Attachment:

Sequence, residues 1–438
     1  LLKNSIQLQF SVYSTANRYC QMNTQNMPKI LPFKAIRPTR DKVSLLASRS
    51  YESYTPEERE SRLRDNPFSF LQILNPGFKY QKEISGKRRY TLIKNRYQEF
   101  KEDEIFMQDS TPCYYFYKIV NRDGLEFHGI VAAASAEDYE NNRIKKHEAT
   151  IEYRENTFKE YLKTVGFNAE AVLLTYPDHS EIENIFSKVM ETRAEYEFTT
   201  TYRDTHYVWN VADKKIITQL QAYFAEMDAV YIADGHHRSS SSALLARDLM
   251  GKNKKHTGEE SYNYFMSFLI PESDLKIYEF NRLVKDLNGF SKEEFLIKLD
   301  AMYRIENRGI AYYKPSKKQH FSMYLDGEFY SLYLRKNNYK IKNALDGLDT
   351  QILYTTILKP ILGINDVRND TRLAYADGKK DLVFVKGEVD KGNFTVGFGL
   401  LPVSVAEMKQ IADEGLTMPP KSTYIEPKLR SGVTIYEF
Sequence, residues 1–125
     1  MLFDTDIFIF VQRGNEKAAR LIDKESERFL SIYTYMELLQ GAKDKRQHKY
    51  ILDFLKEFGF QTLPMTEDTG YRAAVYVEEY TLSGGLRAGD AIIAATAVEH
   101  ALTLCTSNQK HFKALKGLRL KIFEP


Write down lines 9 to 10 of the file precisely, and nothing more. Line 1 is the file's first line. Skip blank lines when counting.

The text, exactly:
   351  QILYTTILKP ILGINDVRND TRLAYADGKK DLVFVKGEVD KGNFTVGFGL
   401  LPVSVAEMKQ IADEGLTMPP KSTYIEPKLR SGVTIYEF